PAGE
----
By Jordan Ercit
Kitchener Post staff
Fitz “The Whip” Vanderpool got his wish — the 44-year-old Kitchener native will battle for a Canadian championship belt.
Vanderpool (25-7-4), who owns and operates Vanderpool Fitness and Boxing in Waterloo and ended a seven-year retirement in September, will fight for the vacant National Boxing Authority Canadian middleweight title, tentatively scheduled for February in New Brunswick.
The former Canadian welterweight champ will take on the winner of a Nov. 24 elimination bout in Moncton, N.B., between No. 2 Stuart McLellan of Williams Lake, B.C., and No. 9 Chris Aucoin of St. Williams, Ont.
The 26-year-old McLellan (7-0-3) last fought Kitchener’s Julius Bunda in September of 2011 for the vacant Canadian Professional Boxing Council middleweight title, which was declared a draw. Aucoin (4-10-1), meanwhile, has fought five times in 2012, all lost by unanimous decision.
“Whoever it is, I’ll be ready,” Vanderpool said. “I’ll be ready to bring the belt back to Kitchener.”
Vanderpool, a former World Boxing Federation light middleweight champ, is coming off a six-round win via unanimous decision over Whitby’s Phil Rose in September during the Royals City Rumble card at Sleeman Centre in Guelph.
The top-ranked boxer in the NBA middleweight division, an admitted slow-starter, look to be in trouble early against the 30-year-old Rose, but found his timing late in the bout before staggering Rose in the fifth round.
More than two months after the bout, Vanderpool said he is surprised how well his body has coped with his return to professional boxing, which included two years of tests, physicals and conditioning work just to get his boxing licence back.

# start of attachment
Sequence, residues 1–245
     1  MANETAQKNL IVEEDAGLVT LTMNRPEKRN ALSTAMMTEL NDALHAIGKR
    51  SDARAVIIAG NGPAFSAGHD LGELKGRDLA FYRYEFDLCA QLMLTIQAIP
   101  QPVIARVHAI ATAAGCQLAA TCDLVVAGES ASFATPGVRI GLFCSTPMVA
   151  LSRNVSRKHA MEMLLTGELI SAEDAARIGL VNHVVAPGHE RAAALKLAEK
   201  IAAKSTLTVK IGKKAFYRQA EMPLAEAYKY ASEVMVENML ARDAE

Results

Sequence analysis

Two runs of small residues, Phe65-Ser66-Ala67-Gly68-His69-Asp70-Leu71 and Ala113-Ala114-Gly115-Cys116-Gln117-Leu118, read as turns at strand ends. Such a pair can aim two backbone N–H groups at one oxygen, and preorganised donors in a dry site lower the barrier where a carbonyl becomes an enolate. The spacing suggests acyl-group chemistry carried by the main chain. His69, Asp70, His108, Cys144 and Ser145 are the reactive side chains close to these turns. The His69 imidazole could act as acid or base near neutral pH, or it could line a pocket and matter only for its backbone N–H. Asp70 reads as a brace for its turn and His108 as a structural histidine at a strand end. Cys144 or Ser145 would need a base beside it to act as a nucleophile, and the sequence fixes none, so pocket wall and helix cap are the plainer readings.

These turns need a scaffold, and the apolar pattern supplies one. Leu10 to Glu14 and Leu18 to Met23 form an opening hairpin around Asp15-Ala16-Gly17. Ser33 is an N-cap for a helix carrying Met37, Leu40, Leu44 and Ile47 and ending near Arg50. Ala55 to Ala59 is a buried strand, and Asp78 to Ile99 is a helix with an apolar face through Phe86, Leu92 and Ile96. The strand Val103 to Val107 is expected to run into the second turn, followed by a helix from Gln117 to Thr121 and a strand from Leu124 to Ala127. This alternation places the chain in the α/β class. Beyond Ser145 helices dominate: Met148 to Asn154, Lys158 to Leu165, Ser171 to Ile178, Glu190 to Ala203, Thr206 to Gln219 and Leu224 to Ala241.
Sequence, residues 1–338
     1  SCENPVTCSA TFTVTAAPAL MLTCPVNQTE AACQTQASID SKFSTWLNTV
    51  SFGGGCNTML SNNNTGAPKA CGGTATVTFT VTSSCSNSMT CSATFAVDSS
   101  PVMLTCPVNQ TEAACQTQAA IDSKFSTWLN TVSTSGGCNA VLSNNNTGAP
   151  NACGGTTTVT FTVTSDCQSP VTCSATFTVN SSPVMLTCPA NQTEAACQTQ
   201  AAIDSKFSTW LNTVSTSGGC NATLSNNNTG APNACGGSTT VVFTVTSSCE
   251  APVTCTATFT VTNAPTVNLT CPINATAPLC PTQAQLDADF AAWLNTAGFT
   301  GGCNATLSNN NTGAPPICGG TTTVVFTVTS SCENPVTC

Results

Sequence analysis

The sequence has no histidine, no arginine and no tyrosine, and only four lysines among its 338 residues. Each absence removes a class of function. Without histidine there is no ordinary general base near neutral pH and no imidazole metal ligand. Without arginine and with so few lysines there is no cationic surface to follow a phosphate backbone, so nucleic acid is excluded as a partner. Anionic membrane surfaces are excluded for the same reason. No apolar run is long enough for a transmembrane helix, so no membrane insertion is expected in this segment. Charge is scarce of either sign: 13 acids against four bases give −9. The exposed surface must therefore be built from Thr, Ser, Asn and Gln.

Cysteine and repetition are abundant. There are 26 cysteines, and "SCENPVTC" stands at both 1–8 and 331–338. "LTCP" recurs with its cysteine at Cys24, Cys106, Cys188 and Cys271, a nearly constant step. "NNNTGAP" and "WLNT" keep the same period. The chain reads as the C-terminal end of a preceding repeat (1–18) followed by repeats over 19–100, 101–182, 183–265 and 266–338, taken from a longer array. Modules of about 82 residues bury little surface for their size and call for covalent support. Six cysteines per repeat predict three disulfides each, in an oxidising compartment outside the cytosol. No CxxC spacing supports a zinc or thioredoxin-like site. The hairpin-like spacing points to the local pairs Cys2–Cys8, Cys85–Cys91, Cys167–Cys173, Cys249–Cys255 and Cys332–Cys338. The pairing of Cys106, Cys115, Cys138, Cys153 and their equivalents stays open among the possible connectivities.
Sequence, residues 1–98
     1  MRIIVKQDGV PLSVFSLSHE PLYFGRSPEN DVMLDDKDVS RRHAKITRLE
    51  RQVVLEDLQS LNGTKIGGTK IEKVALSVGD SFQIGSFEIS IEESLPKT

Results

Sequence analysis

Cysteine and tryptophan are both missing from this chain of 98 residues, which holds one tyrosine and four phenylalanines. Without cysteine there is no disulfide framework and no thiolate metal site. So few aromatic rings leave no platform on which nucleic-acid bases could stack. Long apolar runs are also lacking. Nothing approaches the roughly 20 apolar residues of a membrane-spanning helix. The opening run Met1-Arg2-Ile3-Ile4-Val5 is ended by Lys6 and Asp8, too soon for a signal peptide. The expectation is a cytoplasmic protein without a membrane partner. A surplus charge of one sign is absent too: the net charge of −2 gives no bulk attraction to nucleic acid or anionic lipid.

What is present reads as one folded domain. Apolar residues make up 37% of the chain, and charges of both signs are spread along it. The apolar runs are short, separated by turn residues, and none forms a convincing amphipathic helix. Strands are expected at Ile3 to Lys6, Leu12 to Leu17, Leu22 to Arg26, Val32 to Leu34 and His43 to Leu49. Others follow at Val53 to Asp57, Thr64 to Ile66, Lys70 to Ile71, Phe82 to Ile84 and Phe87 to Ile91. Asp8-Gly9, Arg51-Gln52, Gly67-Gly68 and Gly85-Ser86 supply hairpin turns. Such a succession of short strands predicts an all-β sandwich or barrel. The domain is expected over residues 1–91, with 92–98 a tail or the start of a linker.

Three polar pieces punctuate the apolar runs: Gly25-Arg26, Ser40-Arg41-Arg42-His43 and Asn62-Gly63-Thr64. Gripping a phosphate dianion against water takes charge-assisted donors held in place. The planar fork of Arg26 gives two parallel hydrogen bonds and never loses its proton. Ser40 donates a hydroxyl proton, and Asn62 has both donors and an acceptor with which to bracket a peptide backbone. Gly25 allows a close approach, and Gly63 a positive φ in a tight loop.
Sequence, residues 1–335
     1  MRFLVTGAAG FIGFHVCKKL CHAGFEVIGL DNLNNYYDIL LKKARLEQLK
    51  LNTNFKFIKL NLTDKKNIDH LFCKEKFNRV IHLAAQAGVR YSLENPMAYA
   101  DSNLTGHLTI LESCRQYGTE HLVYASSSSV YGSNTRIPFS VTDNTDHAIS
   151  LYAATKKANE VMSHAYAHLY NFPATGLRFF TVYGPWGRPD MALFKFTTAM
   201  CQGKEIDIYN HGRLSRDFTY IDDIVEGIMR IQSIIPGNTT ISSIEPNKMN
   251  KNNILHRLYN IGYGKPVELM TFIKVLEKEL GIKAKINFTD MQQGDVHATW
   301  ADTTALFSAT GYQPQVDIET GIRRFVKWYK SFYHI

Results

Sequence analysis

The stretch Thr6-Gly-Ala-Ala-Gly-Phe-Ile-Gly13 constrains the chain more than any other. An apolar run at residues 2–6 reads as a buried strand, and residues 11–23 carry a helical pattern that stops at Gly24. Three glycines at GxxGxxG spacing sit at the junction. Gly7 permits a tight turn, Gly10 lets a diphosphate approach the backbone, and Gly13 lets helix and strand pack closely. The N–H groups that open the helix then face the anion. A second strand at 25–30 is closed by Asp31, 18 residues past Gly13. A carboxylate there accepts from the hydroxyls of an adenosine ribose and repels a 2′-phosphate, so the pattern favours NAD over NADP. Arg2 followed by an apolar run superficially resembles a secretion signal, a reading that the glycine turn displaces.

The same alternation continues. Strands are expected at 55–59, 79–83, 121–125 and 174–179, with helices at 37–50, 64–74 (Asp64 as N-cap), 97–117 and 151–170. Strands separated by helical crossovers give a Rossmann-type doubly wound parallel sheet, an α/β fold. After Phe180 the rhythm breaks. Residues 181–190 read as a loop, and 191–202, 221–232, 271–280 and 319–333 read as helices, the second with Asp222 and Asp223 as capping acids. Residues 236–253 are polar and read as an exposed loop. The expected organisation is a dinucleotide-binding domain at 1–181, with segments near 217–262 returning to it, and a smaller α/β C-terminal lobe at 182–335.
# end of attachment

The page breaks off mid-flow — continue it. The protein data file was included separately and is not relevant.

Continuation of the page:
“I thought I would be really sore and all that stuff, and I wasn’t,” Vanderpool recently at his gym. “People kept asking how I felt . . . and my response was, ‘I felt like 25-year-old who just fought six rounds.’
“I can’t really explain it. When I spar, I still feel some tightness in my elbows, but other than that . . . maybe I’m just getting better with age.”
With what he believes is maybe “two, three years max,” left in his professional boxing career, Vanderpool expects to push hard in 2013 to see how high he can reach in the rankings.
In the meantime, Vanderpool’s quest to become the Canadian champ as a 44-year-old will be documented over the next few months as he teams up with Cambridge filmmaker Richard Wang, who Vanderpool met by chance at a gala screening of China Heavyweight in Kitchener.
Wang — who has been brushing up on boxing movies and documentaries like Martin Scorsese’s Raging Bull and James Toback’s Tyson — was drawn to the idea immediately. He expects the 60- to 90-minute film to be released next April with the initial goal of airing it on stations like TVO, PBS or CBC.
“It’s such a good story — a local hero with an anything-is-possible attitude,” Wang said. “I’m excited and probably just as confident about this project as Fitz is about winning the belt.”
Wang is looking for sponsors for the project, with tiered funding levels from $50 or less to $3,000 or more. He can be reach by email at firstname.lastname@example.org.
A standard-definition promotional video of the documentary can be viewed here: http://www.youtube.com/watch?v=mOZ-RbEwfOk&feature=youtu.be.